Direct Drive Bone Conduction Stimulation: Experimental Studies on Functionality and Transmission with Focus on the Bone Conduction Implant
Sound is conducted to the inner ear in two ways: by air and by bone. Air conduction (AC) hearing consists of sound waves entering the ear canal and reaching the cochlea, the main hearing organ, via the middle ear. In bone conduction (BC) hearing, instead, the transmission is through soft tissues and bone. These two pathways coexist and complement each other, although in
normal hearing subjects the AC part is prevalent over the BC part in most of the ordinary hearing situations.
BC hearing can represent an effective way to rehabilitate hearing impaired patients who would not benet from conventional AC hearing aids. This is the case when the hearing impairment is located in the outer or middle ear, or if the patients have chronic infections or malformations preventing them from wearing earmolds. The key idea in bone conduction devices (BCDs) is
to generate vibrations with a transducer and transmit them via the skull bone to the inner ear.
At present, the most common BCD is probably the bone anchored hearing aid (BAHA), consisting of a single-unit device attached to a skin penetrating screw in the parietal bone. To overcome the issues related to the skin penetration, the development of BCDs is recently focusing on so-called active transcutaneous devices, whose main feature is to have the bone transducer implanted under intact skin.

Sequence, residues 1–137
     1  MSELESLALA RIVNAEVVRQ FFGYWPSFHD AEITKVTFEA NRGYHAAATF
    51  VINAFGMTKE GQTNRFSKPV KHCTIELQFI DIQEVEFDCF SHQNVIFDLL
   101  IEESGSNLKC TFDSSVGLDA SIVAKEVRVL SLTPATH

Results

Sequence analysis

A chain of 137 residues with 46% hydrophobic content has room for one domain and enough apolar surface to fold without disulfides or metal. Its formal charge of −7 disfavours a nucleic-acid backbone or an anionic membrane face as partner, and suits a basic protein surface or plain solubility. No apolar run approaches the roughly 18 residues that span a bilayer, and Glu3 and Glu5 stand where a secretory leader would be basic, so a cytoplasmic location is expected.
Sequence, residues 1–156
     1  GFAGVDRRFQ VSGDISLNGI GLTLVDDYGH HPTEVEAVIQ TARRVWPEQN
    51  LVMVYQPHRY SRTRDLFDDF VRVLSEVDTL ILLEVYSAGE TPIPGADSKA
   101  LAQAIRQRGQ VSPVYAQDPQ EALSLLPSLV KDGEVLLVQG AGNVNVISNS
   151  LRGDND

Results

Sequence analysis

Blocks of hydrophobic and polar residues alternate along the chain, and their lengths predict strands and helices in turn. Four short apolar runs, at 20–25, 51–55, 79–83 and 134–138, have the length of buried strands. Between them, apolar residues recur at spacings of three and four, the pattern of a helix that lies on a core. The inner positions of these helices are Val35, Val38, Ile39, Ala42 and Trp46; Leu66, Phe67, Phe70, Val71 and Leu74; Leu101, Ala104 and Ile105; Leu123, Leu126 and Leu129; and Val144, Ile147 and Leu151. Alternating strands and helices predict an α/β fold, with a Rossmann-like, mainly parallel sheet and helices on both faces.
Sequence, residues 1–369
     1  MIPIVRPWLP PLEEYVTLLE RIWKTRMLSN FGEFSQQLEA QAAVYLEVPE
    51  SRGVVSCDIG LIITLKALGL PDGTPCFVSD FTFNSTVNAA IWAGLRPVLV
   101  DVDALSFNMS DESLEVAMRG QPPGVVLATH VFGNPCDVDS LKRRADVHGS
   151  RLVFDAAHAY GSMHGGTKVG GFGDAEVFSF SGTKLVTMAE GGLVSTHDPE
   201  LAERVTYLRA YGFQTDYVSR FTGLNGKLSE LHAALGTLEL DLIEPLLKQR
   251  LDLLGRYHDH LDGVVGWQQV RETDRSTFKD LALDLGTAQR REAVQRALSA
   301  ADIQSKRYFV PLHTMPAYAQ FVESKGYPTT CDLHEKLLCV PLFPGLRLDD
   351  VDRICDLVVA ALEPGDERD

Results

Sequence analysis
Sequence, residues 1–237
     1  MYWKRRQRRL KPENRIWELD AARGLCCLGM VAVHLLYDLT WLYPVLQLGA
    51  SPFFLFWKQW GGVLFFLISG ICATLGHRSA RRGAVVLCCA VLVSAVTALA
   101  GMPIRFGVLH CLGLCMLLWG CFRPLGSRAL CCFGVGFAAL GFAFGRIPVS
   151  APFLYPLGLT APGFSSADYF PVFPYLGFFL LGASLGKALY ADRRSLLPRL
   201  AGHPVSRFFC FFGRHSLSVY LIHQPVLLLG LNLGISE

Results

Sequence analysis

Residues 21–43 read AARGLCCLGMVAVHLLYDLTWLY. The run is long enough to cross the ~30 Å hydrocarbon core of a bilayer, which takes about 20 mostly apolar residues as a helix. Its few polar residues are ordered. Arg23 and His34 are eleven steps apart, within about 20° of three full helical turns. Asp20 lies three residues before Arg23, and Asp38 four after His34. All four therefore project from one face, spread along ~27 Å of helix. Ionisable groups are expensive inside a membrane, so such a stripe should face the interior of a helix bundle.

In this thesis, the novel active transcutaneous bone conduction implant (BCI), currently in advanced clinical trial phase, was compared to BAHAs in terms of audiological tests and perceived rehabilitation effect. The outcomes showed that the BCI can be a valid alternative to BAHAs for indicated patients. Preliminary investigations were also performed on how the transmission of vibrations is affected by different ways of attaching the transducer to the skull bone. It was found that the relation varies substantially with frequency, with a general trend of improved transmission when the contact area between transducer and bone is limited.
Finally, a new verication method of the implant functionality was evaluated intra- and post- operatively. The method, consisting in the measurement of the sound pressure in the nostril, seems promising and the implant to bone transmission was found stable over time.
Bone Anchored Hearing Aids
Bone Conduction Implant